Do you have satellite TV, new mobile phone, new car, drink beer/wine/spirits. How dare you! The guilt must be gnawing away at you. Sack-cloth and ashes much?

  • Comment number 35.

    What we're all forgetting here is that Barclays is a privately owned company. It can pay its directors whatever it wants and let them participate in whatever incentive schemes it feels necessary. We're all well aware that Barclays received 'indirect' support from the Government - but so did every bank in the world, including the do-no-wrong Standard Chartered.

    For once it'd be nice to log onto this blog and find a post that isn't about a bank (especially Barclays which you are always harping on about - what gives with this? Several people have asked this question and you never answer it) or the damn financial crisis which, many would argue, you yourself kind of caused by your constant doom mongering.

    No offence.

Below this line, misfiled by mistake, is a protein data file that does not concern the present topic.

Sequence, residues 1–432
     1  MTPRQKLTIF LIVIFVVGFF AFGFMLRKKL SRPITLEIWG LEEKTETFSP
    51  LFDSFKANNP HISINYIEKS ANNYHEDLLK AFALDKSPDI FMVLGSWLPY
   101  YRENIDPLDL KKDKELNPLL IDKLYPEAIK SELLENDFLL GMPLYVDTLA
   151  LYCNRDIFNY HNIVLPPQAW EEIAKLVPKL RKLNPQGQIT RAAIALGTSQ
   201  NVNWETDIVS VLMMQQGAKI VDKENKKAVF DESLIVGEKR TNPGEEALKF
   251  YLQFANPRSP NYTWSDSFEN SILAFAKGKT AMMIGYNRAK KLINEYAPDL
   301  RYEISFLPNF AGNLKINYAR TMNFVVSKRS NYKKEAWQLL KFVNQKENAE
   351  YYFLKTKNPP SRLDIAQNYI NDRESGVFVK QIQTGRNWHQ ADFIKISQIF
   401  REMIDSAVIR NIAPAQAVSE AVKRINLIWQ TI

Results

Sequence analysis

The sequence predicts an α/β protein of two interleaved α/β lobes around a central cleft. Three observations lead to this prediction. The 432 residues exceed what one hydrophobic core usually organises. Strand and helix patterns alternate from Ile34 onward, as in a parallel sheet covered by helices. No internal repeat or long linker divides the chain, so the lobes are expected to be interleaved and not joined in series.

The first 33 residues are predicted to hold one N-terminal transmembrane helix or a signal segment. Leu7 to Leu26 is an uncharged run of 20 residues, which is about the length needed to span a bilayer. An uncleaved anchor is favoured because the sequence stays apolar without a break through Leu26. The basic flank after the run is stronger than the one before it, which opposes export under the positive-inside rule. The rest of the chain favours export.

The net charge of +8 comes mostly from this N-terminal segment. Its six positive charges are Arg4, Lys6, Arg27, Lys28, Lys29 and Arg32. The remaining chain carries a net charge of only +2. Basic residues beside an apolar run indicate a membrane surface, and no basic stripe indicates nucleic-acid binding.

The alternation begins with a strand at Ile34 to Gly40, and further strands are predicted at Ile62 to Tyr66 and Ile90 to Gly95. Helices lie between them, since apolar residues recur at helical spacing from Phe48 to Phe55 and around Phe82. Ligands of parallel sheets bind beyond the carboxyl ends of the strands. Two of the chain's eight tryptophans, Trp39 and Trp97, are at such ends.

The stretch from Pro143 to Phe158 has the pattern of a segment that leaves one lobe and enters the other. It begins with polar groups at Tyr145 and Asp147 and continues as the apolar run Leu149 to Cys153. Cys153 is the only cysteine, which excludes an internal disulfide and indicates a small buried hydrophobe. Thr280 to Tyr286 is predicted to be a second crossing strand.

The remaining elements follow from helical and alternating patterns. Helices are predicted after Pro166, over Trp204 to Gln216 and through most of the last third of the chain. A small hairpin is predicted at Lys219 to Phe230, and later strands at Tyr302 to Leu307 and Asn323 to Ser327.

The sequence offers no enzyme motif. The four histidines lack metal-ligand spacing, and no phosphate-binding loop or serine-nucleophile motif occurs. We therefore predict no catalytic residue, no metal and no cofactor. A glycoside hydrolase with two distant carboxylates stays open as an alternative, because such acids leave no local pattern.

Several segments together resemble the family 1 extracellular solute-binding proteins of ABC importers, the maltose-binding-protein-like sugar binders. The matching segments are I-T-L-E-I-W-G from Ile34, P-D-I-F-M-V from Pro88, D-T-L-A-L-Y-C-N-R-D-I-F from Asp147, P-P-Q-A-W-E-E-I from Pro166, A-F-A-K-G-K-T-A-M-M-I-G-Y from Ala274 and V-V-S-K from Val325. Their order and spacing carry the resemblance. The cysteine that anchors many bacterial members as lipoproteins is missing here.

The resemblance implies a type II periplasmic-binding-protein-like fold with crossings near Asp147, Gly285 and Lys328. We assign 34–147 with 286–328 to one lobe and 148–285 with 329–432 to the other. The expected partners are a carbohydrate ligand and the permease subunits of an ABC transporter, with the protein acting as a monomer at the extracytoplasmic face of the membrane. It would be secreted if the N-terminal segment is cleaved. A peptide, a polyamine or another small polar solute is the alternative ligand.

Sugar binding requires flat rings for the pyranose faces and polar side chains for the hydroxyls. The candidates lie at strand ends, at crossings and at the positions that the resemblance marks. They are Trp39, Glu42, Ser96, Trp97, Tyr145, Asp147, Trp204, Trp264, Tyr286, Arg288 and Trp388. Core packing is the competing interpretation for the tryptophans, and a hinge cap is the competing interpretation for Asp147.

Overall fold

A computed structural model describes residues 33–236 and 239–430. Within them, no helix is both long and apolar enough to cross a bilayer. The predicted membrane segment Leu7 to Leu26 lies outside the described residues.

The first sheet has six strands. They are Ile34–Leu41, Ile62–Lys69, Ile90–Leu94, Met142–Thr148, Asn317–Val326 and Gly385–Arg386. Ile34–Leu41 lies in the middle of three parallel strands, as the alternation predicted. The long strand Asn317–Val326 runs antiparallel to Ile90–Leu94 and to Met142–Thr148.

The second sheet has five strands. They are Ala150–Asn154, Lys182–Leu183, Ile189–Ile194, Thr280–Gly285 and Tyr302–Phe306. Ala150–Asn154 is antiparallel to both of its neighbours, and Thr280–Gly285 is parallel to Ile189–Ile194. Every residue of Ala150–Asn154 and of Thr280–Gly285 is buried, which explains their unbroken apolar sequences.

• Comment number 36.

    I love it when people like Mandy, who have done so little in their lives, besides being full-time politicians, attack the doers of this world. Bob Diamond resurrected a moribund investment bank, BZW, and turned it into one of the premier i-banks in the world. A bank, I must you remind you pays a huge amount of tax to prop up the idiocy of NuLabour and which without Bob would employ tens of thousand fewer taxpayers in this country. Mand, the party's over, time to pack your packs!

  • Comment number 37.

    Can't you see, all these postings are just what the Government wants and you are all falling for it, how naive.